One of the attractions of alternative medicine is that it offers far more certainty than scientific medicine. If your scientific doctor can’t see anything on x-rays, your chiropractor can. He’ll tell you he knows exactly what’s wrong: a subluxation that he can fix. Sherry Rogers will tell you all illness is due to toxins accumulating in your cells and you must “detoxify or die.” Hulda Clark will tell you it’s all parasites that she can eliminate with her magic zapper. Robert Young says the cause of all disease is acidosis. They all have confident, precise answers. Wrong ones.
The One Cause of All Disease?
It’s really easy to figure out what’s causing a patient’s symptoms if you believe there is one simple cause for all disease. While I was writing this I got sidetracked and searched the Internet for “the one cause of all disease.” I found a lot of them, including: (more…)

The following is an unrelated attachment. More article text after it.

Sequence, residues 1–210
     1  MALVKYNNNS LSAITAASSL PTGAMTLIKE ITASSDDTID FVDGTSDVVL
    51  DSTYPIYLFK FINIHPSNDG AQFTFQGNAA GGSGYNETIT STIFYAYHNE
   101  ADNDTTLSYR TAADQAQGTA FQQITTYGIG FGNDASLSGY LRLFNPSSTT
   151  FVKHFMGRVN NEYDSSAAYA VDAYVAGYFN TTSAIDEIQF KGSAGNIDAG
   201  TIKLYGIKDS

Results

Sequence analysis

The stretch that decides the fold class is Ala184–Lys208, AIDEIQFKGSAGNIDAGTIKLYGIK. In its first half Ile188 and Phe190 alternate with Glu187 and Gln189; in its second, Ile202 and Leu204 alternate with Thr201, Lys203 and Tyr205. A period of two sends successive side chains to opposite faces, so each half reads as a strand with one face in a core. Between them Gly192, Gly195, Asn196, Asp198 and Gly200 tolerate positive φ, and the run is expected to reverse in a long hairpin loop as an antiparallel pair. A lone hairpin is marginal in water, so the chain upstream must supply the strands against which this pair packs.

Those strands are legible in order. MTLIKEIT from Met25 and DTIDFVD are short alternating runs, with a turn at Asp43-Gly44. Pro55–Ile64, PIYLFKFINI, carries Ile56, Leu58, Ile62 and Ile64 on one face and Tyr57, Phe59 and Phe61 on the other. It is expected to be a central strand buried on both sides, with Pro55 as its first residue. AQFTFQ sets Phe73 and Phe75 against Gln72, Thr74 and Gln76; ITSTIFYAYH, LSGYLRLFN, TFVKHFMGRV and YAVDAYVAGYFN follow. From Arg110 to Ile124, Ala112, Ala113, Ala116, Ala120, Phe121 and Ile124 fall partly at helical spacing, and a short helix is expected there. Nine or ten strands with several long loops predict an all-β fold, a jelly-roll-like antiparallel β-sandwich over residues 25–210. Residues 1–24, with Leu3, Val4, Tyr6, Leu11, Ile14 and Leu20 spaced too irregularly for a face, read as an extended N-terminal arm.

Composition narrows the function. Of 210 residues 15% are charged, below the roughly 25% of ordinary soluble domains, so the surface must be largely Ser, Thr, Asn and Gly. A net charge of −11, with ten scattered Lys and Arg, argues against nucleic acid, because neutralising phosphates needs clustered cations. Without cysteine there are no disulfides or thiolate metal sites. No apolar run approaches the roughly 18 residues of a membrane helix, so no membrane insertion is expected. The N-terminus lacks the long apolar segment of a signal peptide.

Last time I described what I could find about the “Quiet Revolution” plan for medicine through the eyes and minds of the Bravewell Collaborative and Christy Mack, wife of the multi-millionaire or billionaire CEO John Mack. The idea seemed two-pronged; “humanize” physicians and medicine generally, and integrate folkway, sectarian and “alternative” methods into the system. What bothered me more, having become inured to patient philandering with quackery, was the brazen attempt to re-educate physicians and indoctrinate students into the political and social views of wealthy idealists. The entry below, one might conclude, has little to do with medical quackery and pseudoscience, but I beg your indulgence for this series as I attempt to connect dots between the stalls of the seemingly unrelated steeds of political indoctrination in universities and the proposed med school re-education camps of Bravewell. For several years a controversy has roiled at the University of Delaware over a program of educational activities for the dorms called Residence Life. The program structures student time with a number of usual activities – games, talks, discussion groups – but the content of the discussion groups and interpersonal counseling upset some students, who complained to an off-campus conservative organization, and got to the attention of faculty, which pressured the administration to stop the program last fall.